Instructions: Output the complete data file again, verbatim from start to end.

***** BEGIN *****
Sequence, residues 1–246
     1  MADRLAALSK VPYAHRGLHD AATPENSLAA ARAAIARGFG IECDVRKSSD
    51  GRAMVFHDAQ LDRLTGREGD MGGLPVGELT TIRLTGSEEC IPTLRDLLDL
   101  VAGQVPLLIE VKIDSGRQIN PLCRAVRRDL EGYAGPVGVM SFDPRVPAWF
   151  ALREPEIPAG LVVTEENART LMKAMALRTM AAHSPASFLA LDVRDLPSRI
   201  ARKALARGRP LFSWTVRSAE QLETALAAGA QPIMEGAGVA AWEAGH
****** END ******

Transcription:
Sequence, residues 1–246
     1  MADRLAALSK VPYAHRGLHD AATPENSLAA ARAAIARGFG IECDVRKSSD
    51  GRAMVFHDAQ LDRLTGREGD MGGLPVGELT TIRLTGSEEC IPTLRDLLDL
   101  VAGQVPLLIE VKIDSGRQIN PLCRAVRRDL EGYAGPVGVM SFDPRVPAWF
   151  ALREPEIPAG LVVTEENART LMKAMALRTM AAHSPASFLA LDVRDLPSRI
   201  ARKALARGRP LFSWTVRSAE QLETALAAGA QPIMEGAGVA AWEAGH